Import financing is the most important part of trade finance. Financial institutions play an important role in providing import finance. That is why for importing goods, importer takes services from financial institutions. The conventional financial institute provides its services in the form of Letter of credit (LC). Financial institute charge against opening LC and interest on LC that is not paid on the due date. These charges are not allowed in Shariah.
Islamic financing for import work different from the conventional method. The financial institution can charge service charges against credit assessment, documentation, monitoring services and account maintenance services. But intend of the financial institution could not be to recover any profit. These charges should be actual and mentioned in financial institute schedule charges.
Islamic Financial Institutions provide the following financing products in import financing.
Ijarah is a lease contract. Financial institutes and importer use this contract to import goods for the importer. Under this contract financial institutes import and lease it to the customer against fixed charges. Ijarah contract under import financing is discussed in details in the following steps:
Step 1: The importer asks the financial institution for import financing. The financial institute accepts the application and makes the customer an agent for importing goods on its behalf. Financial institution and customer enter into Ijarah contract.
Step 2: All charges including LC opening, insurance etc. may be taken from the customer as the security deposit.
Step 3: Exporter ship the goods to the financial institution and hand over the bill of lading.
Step 4: Financial institute handover bill of lading to the importer.
Step 5: Importer takes goods and enters into Ijarah contact with the financial institution. A pre-agreed rent will be paid by the customer to the financial institute.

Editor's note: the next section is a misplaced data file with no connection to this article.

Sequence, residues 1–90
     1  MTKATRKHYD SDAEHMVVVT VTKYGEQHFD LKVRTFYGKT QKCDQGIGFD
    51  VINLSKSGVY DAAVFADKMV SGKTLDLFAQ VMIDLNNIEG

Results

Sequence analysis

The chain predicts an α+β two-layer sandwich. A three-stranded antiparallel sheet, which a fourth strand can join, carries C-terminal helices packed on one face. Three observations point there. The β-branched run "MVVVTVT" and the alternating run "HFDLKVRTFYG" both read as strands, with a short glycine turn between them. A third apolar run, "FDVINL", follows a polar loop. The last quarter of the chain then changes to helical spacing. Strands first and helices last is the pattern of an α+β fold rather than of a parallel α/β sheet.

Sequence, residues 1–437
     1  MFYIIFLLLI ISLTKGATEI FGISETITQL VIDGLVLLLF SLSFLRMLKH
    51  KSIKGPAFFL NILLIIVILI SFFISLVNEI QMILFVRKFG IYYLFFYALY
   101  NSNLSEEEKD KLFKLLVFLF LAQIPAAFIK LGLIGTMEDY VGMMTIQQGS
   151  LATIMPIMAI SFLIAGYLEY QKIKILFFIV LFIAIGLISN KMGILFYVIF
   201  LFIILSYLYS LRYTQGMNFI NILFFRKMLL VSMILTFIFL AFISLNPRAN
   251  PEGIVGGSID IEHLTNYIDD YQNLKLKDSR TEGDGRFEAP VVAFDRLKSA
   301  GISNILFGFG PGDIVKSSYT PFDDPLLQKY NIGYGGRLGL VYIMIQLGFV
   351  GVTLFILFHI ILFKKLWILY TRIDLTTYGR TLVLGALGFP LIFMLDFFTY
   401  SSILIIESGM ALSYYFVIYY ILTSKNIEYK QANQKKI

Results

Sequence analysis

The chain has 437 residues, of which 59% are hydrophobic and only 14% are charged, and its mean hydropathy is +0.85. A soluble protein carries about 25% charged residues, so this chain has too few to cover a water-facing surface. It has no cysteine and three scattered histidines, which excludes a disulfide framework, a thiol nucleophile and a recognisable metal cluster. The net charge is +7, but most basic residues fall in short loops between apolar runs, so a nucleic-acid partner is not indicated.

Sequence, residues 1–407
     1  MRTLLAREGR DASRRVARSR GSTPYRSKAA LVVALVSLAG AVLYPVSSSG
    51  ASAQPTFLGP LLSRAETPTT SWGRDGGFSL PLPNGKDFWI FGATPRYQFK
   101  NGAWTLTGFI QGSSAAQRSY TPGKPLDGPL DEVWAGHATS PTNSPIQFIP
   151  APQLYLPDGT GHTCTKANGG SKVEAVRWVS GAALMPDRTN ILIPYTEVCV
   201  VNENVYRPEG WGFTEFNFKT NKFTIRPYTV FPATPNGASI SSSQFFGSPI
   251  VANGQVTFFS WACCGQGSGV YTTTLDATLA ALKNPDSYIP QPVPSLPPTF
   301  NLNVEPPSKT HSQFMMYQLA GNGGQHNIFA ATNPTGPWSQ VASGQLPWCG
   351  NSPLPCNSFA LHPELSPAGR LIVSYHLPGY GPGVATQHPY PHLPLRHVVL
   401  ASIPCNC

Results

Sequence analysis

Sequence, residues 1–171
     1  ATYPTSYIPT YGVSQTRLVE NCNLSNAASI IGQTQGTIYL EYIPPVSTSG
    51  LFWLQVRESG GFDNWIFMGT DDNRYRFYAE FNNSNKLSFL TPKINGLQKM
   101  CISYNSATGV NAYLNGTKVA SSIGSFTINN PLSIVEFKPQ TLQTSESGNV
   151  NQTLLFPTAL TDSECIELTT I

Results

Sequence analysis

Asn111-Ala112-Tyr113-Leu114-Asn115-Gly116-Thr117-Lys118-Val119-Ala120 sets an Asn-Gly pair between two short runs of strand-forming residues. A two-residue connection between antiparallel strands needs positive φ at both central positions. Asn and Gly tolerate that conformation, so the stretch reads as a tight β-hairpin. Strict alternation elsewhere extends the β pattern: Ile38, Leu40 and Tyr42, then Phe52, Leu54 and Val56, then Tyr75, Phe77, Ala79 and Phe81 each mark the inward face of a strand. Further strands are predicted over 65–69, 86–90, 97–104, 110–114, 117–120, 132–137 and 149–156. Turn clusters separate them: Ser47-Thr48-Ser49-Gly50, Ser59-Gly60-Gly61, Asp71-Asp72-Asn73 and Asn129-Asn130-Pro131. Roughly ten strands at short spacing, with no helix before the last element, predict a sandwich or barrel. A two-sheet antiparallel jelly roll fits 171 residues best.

Step 6: At the end of this Ijarah, the financial institution may sell the assets to the importer at a pre-agreed price.
Musharaka is a partnership contract. In the Musharaka agreement, two or more partners combine their capital in a business and share the profit according to the pre-agreed ratio. Musharaka is also used in import financing where financial institute and importer combine their resources and import goods from the international market and sells in the local market to generate profit. In the following section step by step procedure of Musharaka import financing is discussed in detail.
Step 1: Importer asks the financial institute for a Musharaka agreement for import finance. The financial institute accepts it’s application. They both sign the Musharaka contract.
Step 2: The purpose of this Musharaka contract is to import goods from the International market and sell them in the local market.
Step 3: Importer is a working partner. So, it’s share cannot be less than his share.
Step 4: Financial Institution ask the importer to provide his share upfront.
Step 5: Financial Institute opens LC account in favour of the exporter.
Step 6: Exporter ship the goods and provide the bill of lading to Financial Intuition.
Step 7: Financial Institution makes payment to the exporter and provides documents to the importer.
Step 8: Importer of goods sell these goods to the local market. Profit will be distributed among the Financial Institute and importer according to the pre-determined ratio.
Murabaha is a sale contract that is used to sell goods at cost plus profit. Islamic financial institutes provide Murabaha mode of financing where they import equipment, goods, raw material etc. and sell them to the customer at cost plus profit. Customer pay in negotiated instalments. Step by step procedure is explained in the following.
Step 1: Import ask for import financing to financial institute. Financial Institute accepts the request and signs the Murabaha contract with the customer. The financial institute also appoints the importer as an agent to import goods on its behalf.
Step 2: Charges related to LC opening, commission, insurance etc. are taken in advance.
Step 3: Financial institution ask the importer for the Murabaha funds. If the importer provides immediate funds, financial institutions charge less profit on Murabaha goods.
Step 4: The sale price of the good is calculated keeping given cost including insurance LC commission etc. plus profit.
Step 5: Exporter ship the document to the financial institution and provide the bill of lading.
Step 6: Financial institute provides the bill of lading to the importer. At this stage, the Murabaha agreement is executed.
Step 7: Importer of good provide Murabaha price to financial Institute on the due date.